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New Jersey Division of Youth and Family Services v. A.R.

March 4, 2009


On appeal from Superior Court of New Jersey, Chancery Division, Family Part, Hudson County, Docket No. FG-09-170-07.

The opinion of the court was delivered by: Stern, P.J.A.D.




Argued January 22, 2009

Before Judges Stern, Waugh and Newman.

The Division of Youth and Family Services ("DYFS") appeals from a "judgment of guardianship after trial" which terminates the parental rights of fathers M.M. and C.S. to their respective children, but denies the termination of parental rights of the mother, A.R. DYFS also appeals from the denial of a motion for reconsideration and to supplement the record.

A.R. is the mother of four minor children, including C.S., Jr. ("Junior") who was born June 28, 2006. His sister and half-sisters are three to nine years older. A.R. is married to C.S., the father of Junior and Gwen.*fn1 There is no contest to the judgment terminating the parental rights of the fathers, including C.S. While the Family Part declined to terminate A.R.'s rights to any of her four children, DYFS appeals only from that portion of the judgment regarding A.R.'s parental rights over Junior, her youngest child.


On September 20, 2005, DYFS removed A.R.'s three children from the home of A.R. and C.S. Two days later the Family Part found that "the removal . . . was required due to imminent danger" because of the parents' drug use and C.S.'s incarceration. Legal and physical custody was transferred to DYFS.

On April 5, 2006, the trial court entered a "multipurpose order" allowing for reunification of the three children with A.R. once she provided "a permanent plan of how a single mother would care for her children" and verification that C.S. "has moved out" of the home. Reunification occurred on July 25, 2006.

The court ordered the removal of the children again on September 6, 2006. A.R. was found to have allowed C.S. "to return to the home and be with the children while he was actively using drugs." By that time, Junior had been born and all four children were removed and placed in the "immediate care and supervision of" DYFS. However, on November 8, 2006, the court ordered reunification, and legal and physical custody were returned to A.R. Shortly thereafter, on December 12, 2006, the children were again removed from the home because C.S. was found in the house, high on crack cocaine. The emergency removal was confirmed by an order entered on December 14, 2006. The children were again placed "under the care and supervision" of DYFS, and a Law Guardian was appointed.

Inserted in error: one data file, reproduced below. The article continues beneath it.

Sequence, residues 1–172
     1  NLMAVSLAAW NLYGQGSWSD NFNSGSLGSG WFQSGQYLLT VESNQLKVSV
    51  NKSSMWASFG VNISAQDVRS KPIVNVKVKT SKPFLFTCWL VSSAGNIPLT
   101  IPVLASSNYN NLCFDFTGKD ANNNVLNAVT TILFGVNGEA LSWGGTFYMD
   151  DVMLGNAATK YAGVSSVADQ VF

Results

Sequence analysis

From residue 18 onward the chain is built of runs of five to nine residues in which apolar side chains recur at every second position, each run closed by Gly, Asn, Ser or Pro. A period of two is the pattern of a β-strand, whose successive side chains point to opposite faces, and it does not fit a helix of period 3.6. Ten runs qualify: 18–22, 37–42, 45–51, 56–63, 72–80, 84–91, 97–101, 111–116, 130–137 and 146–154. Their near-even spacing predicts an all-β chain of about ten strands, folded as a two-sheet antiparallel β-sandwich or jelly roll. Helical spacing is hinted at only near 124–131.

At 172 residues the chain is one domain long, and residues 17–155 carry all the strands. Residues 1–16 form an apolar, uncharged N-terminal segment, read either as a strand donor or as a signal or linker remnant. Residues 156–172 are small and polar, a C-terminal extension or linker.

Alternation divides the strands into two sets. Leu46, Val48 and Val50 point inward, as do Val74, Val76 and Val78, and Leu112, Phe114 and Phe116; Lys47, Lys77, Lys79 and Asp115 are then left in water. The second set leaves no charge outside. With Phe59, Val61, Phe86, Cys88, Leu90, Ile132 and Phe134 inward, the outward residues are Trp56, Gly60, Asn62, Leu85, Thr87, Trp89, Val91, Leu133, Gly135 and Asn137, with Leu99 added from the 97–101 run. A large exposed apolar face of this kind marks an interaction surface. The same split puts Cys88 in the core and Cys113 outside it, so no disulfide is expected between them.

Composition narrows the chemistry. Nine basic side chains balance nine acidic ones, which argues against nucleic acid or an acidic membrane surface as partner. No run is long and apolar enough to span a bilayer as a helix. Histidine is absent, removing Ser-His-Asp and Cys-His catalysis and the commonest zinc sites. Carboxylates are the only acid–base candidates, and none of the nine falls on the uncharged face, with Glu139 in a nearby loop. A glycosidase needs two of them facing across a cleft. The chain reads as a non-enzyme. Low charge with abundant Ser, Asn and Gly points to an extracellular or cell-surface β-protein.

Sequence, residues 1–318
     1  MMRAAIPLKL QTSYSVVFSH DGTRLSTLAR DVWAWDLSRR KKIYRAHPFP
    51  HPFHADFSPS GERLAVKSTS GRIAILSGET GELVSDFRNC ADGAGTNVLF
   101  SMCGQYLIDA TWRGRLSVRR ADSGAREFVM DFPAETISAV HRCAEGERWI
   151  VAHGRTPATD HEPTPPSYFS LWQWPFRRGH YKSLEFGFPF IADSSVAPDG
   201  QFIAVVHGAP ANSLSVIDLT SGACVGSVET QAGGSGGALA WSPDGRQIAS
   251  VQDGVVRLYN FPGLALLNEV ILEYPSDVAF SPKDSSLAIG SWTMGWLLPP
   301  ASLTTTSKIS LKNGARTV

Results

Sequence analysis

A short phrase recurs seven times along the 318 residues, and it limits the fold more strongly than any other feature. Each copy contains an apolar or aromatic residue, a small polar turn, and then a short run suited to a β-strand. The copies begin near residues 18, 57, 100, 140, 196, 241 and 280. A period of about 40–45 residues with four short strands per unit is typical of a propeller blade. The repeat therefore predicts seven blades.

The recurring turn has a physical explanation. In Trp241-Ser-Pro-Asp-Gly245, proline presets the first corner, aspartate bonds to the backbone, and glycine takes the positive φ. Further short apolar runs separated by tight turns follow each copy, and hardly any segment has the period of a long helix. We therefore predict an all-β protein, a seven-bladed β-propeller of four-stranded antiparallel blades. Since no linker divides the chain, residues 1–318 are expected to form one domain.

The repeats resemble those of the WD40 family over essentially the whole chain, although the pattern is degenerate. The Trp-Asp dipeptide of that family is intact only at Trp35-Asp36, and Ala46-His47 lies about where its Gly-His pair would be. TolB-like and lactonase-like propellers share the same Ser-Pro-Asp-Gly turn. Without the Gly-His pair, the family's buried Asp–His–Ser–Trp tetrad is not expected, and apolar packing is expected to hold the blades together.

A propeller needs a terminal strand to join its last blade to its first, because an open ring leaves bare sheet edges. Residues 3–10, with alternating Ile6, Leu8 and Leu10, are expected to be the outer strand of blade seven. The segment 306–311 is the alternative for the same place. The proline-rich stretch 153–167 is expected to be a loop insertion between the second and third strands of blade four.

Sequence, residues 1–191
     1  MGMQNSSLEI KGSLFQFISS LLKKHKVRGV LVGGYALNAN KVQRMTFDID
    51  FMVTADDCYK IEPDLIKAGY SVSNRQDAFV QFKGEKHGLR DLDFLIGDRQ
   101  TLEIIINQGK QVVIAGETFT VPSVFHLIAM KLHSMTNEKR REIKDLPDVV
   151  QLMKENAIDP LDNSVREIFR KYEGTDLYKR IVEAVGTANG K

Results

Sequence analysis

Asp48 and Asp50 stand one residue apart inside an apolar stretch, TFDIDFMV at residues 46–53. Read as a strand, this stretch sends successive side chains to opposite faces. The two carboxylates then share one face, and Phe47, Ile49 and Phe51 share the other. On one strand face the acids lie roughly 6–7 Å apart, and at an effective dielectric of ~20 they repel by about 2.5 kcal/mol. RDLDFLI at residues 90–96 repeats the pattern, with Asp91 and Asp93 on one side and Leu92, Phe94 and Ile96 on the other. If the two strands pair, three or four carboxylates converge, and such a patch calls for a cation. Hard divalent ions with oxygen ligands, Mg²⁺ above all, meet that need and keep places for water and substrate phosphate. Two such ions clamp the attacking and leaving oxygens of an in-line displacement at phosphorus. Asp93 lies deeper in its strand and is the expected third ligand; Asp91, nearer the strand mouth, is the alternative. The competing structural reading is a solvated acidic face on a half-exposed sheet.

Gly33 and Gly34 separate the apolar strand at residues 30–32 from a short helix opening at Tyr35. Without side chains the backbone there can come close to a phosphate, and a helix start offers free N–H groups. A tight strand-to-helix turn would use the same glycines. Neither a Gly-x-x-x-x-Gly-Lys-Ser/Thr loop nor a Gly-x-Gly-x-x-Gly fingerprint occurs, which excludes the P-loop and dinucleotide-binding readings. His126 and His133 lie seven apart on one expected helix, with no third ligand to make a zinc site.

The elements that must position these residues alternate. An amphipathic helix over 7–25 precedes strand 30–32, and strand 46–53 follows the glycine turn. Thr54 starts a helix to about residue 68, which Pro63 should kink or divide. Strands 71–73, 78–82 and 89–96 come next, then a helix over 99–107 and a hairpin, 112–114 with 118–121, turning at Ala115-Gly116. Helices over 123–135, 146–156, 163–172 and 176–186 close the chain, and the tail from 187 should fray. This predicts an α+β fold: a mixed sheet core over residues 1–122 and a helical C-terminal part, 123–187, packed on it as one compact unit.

DYFS filed a complaint for guardianship and an order to show cause on May 8, 2007. At a hearing on December 17, 2007, the Family Part ordered that the trial commence on January 7, 2008, and that "[A.R.] shall attend a bonding evaluation to be scheduled by [DYFS]" in advance thereof. However, this evaluation never took place.

The trial occurred in January and February 2008. In a comprehensive opinion, Judge Mark J. Nelson denied the termination and guardianship with respect to A.R. The court reinstated the protective services litigation and listed the matter for a compliance review on May 28, 2008. Judge Nelson found that DYFS satisfied its burden on only two of the four prongs of the statutory test required for termination. See N.J.S.A. 30:4C-15.1.


[Substantial portions of the opinion have been redacted for purposes of publication at the request of the court.]

Dr. Daniel Bromberg, a clinical psychologist, performed bonding evaluations on A.R. and her children on April 19, 2007, and evaluated A.R. and C.S. individually. Dr. Bromberg also conducted a bonding evaluation of Junior with his foster parents. Based on these evaluations, Dr. Bromberg determined that A.R. is unable to provide a safe and stable home for her children. He based this conclusion on her "long standing history of substance abuse," her history with men who have substance abuse problems, and her failure to protect herself and her children from domestic violence. He also noted that A.R.'s employment history "didn't appear to be particularly stable" and her marketable skills were severely limited.